A double-length live set from the legendary Modern Jazz Quartet – recorded in Scandinavia in 1960, almost as a summation of the group's growing genius in the 50s! The tunes are a mix of John Lewis and Milt Jackson originals, plus other songs all given the wonderful MJQ twist – distilled into a sublime blend of piano, vibes, bass, and drums – all delivered with a sense of class, but never too much polish. The album is live, but still has that sophisticated composure that made the group so unique at the time – and the whole thing's a perfect complement to their famous studio albums on Atlantic!
Listeners who are sick of Tchaikovsky's First Piano Concerto, its bombastic opening, its pretentious ending, and all its pointless filigree in between, should hear this recording of that concerto plus the composer's other works for piano and orchestra by English pianist Stephen Hough, because they will be totally, completely, and utterly blown away. It's not just because Hough nails the notes technically or plumbs the depths interpretively, although he does both with a mastery and a dedication that rival Richter.
Jordi Savall's exemplary performance of Handel's Water Music and Music for the Royal Fireworks is among the finest available on disc: refined and precise, but very big, with blood-stirring grandeur. This is just the kind of extroverted, rousing presentation that best highlights the music's open-air ceremonial function. Savall's Le Concert des Nations is essentially a chamber orchestra with double or triple winds, but the sound he elicits from the group is majestic and surprisingly powerful. The playing is crisp and the rhythmic articulation bracing, but the sound is never brash. In fact, more often than not it is seductively sensual, a heady integration of precision and supple, shapely phrasing. Handel left no authoritative edition of the score of Water Music and it has traditionally been divided into three suites, but Savall reorders the material into two suites, a decision that makes more sense in terms of key relationships and that sounds entirely satisfying.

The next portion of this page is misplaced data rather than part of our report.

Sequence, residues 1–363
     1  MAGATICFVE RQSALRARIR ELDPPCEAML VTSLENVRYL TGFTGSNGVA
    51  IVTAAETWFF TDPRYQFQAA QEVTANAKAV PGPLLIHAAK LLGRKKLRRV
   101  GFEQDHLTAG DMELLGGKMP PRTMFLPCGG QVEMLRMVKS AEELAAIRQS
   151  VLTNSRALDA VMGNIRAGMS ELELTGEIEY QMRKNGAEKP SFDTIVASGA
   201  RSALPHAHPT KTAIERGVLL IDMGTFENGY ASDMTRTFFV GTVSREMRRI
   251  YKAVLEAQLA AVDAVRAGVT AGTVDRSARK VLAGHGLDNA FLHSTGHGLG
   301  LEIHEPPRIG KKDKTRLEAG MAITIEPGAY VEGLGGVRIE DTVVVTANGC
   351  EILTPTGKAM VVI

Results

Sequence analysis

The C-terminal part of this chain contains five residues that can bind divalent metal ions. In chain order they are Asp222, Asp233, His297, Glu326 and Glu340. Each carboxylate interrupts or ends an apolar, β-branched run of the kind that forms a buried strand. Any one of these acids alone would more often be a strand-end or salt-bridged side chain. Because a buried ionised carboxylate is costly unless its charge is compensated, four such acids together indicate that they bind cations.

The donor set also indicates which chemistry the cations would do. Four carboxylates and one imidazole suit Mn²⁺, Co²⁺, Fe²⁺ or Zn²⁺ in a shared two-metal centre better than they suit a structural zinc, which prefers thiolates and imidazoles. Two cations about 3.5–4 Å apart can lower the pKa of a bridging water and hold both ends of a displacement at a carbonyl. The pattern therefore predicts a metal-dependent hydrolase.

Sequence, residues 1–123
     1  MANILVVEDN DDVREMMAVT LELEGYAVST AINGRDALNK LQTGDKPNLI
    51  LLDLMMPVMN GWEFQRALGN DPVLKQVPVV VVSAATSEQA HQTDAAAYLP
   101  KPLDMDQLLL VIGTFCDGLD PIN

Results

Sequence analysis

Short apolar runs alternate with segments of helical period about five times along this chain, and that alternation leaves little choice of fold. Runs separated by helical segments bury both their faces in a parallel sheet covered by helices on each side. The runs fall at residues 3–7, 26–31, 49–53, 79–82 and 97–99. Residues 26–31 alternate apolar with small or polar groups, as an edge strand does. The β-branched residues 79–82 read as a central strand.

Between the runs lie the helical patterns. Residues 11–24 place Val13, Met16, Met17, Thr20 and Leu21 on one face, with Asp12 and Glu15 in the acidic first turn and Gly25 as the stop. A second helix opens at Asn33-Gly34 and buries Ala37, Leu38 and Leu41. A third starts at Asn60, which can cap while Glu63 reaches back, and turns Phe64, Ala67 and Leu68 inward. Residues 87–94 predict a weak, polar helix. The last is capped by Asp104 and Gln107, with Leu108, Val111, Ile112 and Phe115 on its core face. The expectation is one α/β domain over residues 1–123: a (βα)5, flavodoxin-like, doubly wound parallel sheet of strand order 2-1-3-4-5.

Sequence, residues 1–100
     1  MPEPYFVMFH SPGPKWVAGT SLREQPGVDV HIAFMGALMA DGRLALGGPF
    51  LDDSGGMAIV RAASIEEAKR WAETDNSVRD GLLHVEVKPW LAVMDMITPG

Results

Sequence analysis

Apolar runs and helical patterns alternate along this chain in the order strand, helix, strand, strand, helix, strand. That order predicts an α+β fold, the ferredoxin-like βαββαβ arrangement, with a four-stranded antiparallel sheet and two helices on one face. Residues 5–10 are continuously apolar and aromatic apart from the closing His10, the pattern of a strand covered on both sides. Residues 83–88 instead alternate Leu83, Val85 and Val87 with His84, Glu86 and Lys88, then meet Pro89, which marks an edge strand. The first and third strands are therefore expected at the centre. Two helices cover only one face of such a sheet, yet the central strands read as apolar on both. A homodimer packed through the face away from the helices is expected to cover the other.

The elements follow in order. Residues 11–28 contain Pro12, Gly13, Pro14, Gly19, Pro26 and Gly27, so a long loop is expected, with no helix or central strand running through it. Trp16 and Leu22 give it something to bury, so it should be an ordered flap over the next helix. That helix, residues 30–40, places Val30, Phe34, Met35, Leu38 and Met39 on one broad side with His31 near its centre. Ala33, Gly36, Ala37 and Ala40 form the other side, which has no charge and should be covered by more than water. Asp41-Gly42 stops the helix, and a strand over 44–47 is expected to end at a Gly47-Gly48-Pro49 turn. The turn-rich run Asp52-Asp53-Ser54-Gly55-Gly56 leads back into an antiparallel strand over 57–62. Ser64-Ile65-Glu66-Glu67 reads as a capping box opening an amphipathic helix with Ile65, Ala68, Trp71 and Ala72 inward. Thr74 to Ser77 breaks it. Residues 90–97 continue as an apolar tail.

The Elbphilharmonie, the “hall of wonders” (The Guardian), is undoubtedly the new landmark of Hamburg, a monumental synthesis of breath-taking architecture, a unique location and a world-class concert hall. In varying instrumentation the NDR Elbphilharmonie Orchestra under the baton of Principal Conductor Thomas Hengelbrock and several top-class soloists explores in the opening concert the possibilities of the Elbphilharmonie’s Grand Hall and ist acoustics with an exciting programme that spans across all musical eras, from the Renaissance to the present. It culminates in a brand-new commissioned work, created especially for this occasion by the most important living German composer, Wolfgang Rihm.